While politically I do not agree with Arthur Saginian, I find his opinions usually well thought out and very ably presented. Saginian states (Jan. 6) that Socrates and Plato equated democracy with “mob rule.” Pure democracy would have us vote on every issue. We have a republic in which we have representatives who debate and vote on issues for us. But we vote, democratically, to select our representatives.
Arthur then goes off on a side trip defending Donald Trump. I’ll state my opinion up front. Donald Trump isn’t, wasn’t, and never will be, qualified to hold any elective office. He is neither morally, intellectually, or experientially, fit to run anything but a “family business.” Which is what he had done prior to running for president. Nobody, including Trump himself, believed he would win the election. Accordingly, he was not prepared for the requirements of leading a country with more than 300 million people.
His campaign was handled like an election for elementary school class president, with all the pettiness, name calling and snide remarks that go along with that age group. His penchant for hiring people he saw on TV showed his lack of seriousness. Reports of his watching TV, instead of meeting with people who knew what they were doing, were rampant. The Republican Party kept saying that what America needed was a “businessman” running the country. There are all types of businessmen. What most expected was a “Captain of Industry” who was familiar with working with a board of directors and people with views other than his. Not a New York real estate developer who was used to making all the decisions, “flying by the seat of his pants.”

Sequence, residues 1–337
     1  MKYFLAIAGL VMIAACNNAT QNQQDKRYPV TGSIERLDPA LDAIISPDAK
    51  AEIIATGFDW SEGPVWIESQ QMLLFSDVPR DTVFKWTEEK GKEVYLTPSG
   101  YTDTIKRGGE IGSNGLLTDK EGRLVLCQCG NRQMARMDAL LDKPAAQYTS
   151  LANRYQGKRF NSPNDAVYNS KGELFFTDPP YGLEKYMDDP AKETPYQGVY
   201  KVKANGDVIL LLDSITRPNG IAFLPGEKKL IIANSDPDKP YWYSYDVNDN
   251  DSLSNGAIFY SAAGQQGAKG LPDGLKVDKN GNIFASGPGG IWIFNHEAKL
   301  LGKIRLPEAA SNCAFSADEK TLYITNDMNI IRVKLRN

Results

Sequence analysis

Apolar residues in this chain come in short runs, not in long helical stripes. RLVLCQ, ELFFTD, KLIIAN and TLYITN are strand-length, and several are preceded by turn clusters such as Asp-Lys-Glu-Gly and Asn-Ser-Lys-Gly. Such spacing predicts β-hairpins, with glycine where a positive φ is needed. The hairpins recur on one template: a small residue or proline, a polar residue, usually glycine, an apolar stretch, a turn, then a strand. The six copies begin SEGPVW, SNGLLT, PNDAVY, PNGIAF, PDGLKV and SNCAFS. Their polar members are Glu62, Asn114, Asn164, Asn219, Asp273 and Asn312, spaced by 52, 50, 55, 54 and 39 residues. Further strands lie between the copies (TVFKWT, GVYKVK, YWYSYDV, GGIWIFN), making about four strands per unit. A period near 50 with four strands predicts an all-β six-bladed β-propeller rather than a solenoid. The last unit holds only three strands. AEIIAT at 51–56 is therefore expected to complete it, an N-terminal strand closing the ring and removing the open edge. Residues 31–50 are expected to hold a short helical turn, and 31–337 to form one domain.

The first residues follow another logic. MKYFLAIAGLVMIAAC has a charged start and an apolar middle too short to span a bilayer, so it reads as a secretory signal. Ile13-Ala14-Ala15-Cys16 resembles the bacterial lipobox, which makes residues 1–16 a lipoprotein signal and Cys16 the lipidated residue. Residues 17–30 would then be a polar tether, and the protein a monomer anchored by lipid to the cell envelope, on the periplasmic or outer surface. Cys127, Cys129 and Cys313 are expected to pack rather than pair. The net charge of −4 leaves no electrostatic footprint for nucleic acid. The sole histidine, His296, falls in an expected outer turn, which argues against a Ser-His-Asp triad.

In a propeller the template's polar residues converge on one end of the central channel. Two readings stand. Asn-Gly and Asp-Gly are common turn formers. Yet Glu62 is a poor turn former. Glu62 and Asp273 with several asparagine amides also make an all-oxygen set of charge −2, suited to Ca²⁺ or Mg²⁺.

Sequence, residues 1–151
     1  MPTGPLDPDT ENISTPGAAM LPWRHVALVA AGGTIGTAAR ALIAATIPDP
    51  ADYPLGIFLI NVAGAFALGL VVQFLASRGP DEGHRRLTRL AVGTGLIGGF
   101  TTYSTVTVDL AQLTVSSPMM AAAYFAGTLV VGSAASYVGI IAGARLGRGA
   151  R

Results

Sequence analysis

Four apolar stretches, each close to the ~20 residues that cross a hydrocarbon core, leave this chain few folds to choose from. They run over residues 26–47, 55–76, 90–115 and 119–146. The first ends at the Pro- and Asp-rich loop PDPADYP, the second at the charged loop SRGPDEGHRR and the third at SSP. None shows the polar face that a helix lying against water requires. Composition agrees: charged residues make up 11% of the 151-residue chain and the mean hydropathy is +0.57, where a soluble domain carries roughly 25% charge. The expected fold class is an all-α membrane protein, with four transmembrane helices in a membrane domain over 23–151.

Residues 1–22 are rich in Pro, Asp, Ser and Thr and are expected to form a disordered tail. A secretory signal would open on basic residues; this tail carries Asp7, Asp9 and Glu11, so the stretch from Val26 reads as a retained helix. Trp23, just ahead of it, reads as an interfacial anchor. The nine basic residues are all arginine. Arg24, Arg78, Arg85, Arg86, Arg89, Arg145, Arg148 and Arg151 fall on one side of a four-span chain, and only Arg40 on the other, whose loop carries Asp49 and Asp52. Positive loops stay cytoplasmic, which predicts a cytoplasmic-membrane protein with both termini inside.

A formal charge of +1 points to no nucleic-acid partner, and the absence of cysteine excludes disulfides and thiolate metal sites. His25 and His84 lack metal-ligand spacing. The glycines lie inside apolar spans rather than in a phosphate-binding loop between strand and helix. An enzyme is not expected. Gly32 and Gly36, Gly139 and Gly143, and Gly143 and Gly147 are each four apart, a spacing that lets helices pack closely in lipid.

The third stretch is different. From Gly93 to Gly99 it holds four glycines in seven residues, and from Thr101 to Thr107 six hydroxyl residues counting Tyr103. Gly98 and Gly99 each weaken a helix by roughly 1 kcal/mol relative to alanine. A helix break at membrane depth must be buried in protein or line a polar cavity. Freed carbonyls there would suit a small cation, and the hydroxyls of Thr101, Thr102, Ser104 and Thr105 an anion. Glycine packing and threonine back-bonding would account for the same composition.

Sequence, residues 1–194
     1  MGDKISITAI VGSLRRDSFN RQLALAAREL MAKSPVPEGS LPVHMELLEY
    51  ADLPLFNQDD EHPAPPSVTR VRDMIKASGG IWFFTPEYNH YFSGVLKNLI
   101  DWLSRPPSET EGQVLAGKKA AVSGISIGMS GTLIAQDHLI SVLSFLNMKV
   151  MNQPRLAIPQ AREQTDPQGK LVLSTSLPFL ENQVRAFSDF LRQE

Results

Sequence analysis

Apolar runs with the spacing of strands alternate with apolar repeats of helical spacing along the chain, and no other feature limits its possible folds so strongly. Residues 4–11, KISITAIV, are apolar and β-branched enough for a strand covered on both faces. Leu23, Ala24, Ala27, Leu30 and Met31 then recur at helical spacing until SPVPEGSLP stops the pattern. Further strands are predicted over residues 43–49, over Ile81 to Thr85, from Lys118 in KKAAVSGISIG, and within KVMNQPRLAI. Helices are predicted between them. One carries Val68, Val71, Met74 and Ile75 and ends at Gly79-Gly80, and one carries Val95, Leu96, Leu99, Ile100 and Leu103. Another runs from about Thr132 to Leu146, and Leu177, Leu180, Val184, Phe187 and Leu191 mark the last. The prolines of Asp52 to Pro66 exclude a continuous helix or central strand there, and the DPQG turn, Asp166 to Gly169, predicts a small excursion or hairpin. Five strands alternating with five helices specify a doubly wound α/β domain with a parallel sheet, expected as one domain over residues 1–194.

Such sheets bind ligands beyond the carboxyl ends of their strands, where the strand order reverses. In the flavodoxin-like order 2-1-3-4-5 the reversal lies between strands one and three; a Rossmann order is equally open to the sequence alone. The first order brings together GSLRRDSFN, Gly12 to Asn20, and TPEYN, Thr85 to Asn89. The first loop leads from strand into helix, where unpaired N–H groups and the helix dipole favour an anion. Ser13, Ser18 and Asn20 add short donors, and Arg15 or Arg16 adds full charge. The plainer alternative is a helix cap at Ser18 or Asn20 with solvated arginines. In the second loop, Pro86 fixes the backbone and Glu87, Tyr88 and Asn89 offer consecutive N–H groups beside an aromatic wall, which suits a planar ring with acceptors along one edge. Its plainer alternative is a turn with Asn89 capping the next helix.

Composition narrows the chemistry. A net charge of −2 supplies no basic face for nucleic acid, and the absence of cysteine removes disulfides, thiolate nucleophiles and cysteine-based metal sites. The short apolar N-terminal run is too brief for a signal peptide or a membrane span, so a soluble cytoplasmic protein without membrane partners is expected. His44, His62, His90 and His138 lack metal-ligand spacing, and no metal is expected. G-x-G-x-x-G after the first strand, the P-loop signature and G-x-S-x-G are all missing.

There is and always has been a portion of the citizenry that was uncomfortable with the messiness of representative government. For them, Trump was an opportunity to “take our country back.” Trump saw an opportunity to make money off of both winning and losing. Every defeat led to solicitation for donations. The technical name for this is “grifting”! Every person with an axe to grind saw in Trump an opportunity to grab a little piece of power and the money that came with it. Jan 6, 2021, was a culmination of four years of “un-American” government. It didn’t matter that more than 60 court cases were lost due to lack of evidence of fraud. The followers of Trump wanted to continue on with the grift.
The U.S. is a country of laws, not men! Laws were broken and the Trump party had to end. We are blessed with and cursed with a binary form of politics. Democrats and Republicans. Each has ebbed and flowed over the years. For some reason, the Republican Party has stopped trying to win “the hearts and minds” of the citizens. Registration has favored the Dems. In a democratic form of government the side that gets the most votes gets to implement its program. The majority rules. Not so to Donald Trump. In his world, the guy with the most power rules. (An un-American concept.) After vote counts, vote recounts, audits, special recounts, many conducted by Republicans, Trump still lost. He lost by thousands of votes. Still he persisted. If he didn’t win, the election must have been fraudulent. Strangely, he did it all in plain sight, on TV.